---Article---

Do the smart thing and buy from trusted partners."

I expect it would get fewer links, but I can see how that would provide more value to the reader.
 

CCarter

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If you are going to attack than ATTACK! Don’t half-ass your war. Name names, sellers, and go all in. Otherwise any half-assed attempt won’t get traction.

i shit on Moz every chance I get.
 

becool

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I don't understand what you're afraid of. Are you afraid of Amazon suing you? I don't mean this disparagingly at all, but who are you as compared to Amazon? If your smear campaign (for the lack of better words) becomes so monstrously big and profitable that Amazon takes notice and is interested in pursuing you, wasn't it all worthwhile if and only if your efforts translate to revenue?

Of course, you still need to figure out whether this is a good and revenue generating idea.

They need to prove that your message caused them a loss in revenue. With "Amazon is a scam" it's pretty hard to prove that it caused Amazon a loss in earnings. Also, if you're going this route, whatever you say about Amazon *must be true*. If you are quoting actual reviews from people, it's fine. If you lie, hurt their reputation, and they can prove that it cost them money, you can be in legal trouble.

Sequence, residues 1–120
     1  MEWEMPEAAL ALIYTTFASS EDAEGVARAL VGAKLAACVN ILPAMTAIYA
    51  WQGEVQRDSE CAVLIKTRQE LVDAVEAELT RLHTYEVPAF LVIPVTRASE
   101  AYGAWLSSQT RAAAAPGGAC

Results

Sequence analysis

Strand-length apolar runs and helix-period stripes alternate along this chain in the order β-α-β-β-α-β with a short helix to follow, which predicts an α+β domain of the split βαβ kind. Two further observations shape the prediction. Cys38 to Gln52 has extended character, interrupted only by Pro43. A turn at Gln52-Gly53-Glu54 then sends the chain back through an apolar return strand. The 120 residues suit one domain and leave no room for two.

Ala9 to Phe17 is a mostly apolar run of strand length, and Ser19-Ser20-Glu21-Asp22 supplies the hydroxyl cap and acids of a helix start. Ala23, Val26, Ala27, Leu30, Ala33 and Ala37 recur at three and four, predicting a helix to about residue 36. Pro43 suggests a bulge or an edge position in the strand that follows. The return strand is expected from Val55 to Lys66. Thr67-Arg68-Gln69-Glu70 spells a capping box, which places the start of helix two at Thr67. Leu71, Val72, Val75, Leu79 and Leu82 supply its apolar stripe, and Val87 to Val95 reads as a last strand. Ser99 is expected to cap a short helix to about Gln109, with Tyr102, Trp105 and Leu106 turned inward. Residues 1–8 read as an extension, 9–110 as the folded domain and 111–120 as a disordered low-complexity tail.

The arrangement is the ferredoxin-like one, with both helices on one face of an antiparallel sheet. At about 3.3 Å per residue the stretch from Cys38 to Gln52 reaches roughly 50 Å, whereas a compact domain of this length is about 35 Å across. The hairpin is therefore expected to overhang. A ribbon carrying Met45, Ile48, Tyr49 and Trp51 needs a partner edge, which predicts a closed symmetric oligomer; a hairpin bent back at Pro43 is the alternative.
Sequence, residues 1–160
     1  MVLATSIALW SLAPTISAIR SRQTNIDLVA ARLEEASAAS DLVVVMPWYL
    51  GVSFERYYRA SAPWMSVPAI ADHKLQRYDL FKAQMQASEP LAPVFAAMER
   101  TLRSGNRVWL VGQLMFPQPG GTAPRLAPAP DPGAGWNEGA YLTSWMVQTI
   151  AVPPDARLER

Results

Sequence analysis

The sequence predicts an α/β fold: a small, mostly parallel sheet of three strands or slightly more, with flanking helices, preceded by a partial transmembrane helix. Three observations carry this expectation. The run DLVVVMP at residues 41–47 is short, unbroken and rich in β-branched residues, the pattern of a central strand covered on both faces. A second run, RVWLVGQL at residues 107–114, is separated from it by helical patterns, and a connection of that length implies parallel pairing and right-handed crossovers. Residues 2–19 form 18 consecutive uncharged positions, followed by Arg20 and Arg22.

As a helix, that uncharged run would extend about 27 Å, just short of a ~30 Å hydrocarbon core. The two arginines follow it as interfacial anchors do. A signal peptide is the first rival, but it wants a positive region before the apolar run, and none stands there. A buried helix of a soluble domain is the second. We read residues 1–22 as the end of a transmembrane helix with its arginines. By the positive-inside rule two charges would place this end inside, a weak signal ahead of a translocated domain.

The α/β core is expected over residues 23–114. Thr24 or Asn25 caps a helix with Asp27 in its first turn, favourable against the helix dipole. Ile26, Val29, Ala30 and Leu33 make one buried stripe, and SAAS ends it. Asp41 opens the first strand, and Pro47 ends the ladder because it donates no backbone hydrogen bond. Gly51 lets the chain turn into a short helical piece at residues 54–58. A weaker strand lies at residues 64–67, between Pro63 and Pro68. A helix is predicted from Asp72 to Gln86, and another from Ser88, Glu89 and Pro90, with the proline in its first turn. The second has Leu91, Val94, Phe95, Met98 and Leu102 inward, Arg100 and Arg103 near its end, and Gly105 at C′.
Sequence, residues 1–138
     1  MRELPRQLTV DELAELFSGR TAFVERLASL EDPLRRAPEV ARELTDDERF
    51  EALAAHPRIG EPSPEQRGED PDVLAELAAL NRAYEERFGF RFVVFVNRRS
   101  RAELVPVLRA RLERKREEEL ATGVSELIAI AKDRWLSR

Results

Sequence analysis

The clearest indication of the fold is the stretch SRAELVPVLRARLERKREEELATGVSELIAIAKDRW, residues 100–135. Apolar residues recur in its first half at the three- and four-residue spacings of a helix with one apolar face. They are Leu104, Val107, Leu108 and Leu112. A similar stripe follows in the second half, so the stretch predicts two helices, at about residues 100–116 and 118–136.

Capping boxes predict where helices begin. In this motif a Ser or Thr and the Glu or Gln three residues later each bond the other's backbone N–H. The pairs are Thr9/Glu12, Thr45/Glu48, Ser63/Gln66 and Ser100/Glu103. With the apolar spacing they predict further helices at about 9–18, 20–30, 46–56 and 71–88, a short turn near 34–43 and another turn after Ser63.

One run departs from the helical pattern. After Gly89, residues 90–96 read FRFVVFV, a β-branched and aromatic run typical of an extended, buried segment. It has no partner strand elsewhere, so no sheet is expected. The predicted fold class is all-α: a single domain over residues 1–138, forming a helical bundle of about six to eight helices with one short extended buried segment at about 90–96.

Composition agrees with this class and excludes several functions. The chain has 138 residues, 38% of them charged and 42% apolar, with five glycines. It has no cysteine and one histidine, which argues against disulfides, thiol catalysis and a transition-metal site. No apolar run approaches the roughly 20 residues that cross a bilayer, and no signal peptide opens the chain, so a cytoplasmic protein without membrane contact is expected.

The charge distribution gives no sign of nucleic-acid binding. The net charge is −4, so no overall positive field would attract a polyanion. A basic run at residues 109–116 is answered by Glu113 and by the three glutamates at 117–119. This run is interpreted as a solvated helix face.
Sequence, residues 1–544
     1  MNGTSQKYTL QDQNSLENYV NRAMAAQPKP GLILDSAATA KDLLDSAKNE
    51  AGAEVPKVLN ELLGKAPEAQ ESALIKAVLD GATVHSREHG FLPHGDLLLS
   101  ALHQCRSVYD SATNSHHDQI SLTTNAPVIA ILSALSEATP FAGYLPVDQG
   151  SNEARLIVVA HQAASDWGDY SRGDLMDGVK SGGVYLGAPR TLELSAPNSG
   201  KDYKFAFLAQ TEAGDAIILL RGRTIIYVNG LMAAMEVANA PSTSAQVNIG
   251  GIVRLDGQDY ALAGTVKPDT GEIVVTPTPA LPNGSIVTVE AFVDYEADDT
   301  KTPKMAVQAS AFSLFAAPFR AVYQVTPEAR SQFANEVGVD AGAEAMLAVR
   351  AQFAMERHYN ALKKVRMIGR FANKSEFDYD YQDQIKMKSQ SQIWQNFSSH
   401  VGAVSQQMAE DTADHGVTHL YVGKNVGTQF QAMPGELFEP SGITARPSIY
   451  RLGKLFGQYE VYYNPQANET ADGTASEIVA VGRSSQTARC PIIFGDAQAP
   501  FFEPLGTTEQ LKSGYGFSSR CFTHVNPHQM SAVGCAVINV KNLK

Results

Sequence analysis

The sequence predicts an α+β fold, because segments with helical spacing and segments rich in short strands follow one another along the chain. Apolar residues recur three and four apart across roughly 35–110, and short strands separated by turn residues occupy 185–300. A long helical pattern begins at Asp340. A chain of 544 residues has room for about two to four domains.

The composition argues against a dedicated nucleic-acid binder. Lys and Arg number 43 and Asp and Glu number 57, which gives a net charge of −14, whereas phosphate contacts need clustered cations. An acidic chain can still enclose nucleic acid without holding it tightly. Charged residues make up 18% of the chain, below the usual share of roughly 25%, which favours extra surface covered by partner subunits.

If you do it correctly, it's called a comparative advertisement. There's nothing wrong with that.

The above advice is only true for the US. Comparative advertising is not looked at well in the EU and using a competitor's name, without their permission, can cause trouble.
This is horrible advice, if you can call it that. It's equally horrible information because it falls short of actual advice. Rather, it's information that's devoid of practicality.
 
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I don't understand what you're afraid of. Are you afraid of Amazon suing you? I don't mean this disparagingly at all, but who are you as compared to Amazon? If your smear campaign (for the lack of better words) becomes so monstrously big and profitable that Amazon takes notice and is interested in pursuing you, wasn't it all worthwhile if and only if your efforts translate to revenue?

Of course, you still need to figure out whether this is a good and revenue generating idea.



This is horrible advice, if you can call it that. It's equally horrible information because it falls short of actual advice. Rather, it's information that's devoid of practicality.
Your attorney must love you :smile:

I also doubt OP has enough money for the deposition, let alone the trial.